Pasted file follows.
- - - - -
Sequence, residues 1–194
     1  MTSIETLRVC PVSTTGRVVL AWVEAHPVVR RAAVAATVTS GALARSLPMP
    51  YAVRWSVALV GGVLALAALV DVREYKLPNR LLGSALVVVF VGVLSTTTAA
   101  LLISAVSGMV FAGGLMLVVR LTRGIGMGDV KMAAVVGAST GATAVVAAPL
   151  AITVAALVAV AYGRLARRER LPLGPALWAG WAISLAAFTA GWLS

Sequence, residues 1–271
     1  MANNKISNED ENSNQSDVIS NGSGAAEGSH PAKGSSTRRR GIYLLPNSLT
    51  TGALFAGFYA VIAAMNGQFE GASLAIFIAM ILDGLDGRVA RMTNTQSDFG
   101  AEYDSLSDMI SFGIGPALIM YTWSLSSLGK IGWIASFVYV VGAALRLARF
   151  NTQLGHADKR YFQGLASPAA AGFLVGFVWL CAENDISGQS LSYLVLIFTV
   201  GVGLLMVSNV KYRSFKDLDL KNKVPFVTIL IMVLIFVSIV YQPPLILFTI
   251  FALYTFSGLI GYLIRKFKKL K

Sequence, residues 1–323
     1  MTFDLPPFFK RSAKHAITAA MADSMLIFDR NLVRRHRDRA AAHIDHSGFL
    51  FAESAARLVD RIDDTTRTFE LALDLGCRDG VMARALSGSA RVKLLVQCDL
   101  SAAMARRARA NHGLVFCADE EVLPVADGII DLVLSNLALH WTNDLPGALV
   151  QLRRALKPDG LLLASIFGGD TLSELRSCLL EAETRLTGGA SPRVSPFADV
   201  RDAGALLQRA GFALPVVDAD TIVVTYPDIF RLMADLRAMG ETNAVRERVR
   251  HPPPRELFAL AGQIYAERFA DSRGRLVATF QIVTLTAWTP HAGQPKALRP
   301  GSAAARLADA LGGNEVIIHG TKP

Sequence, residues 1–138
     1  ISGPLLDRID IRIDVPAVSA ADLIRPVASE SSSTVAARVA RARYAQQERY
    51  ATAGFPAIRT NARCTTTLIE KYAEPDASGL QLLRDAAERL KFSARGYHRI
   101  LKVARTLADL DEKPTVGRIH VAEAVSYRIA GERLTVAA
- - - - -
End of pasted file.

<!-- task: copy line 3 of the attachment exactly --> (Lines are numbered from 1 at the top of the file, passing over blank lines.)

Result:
    51  YAVRWSVALV GGVLALAALV DVREYKLPNR LLGSALVVVF VGVLSTTTAA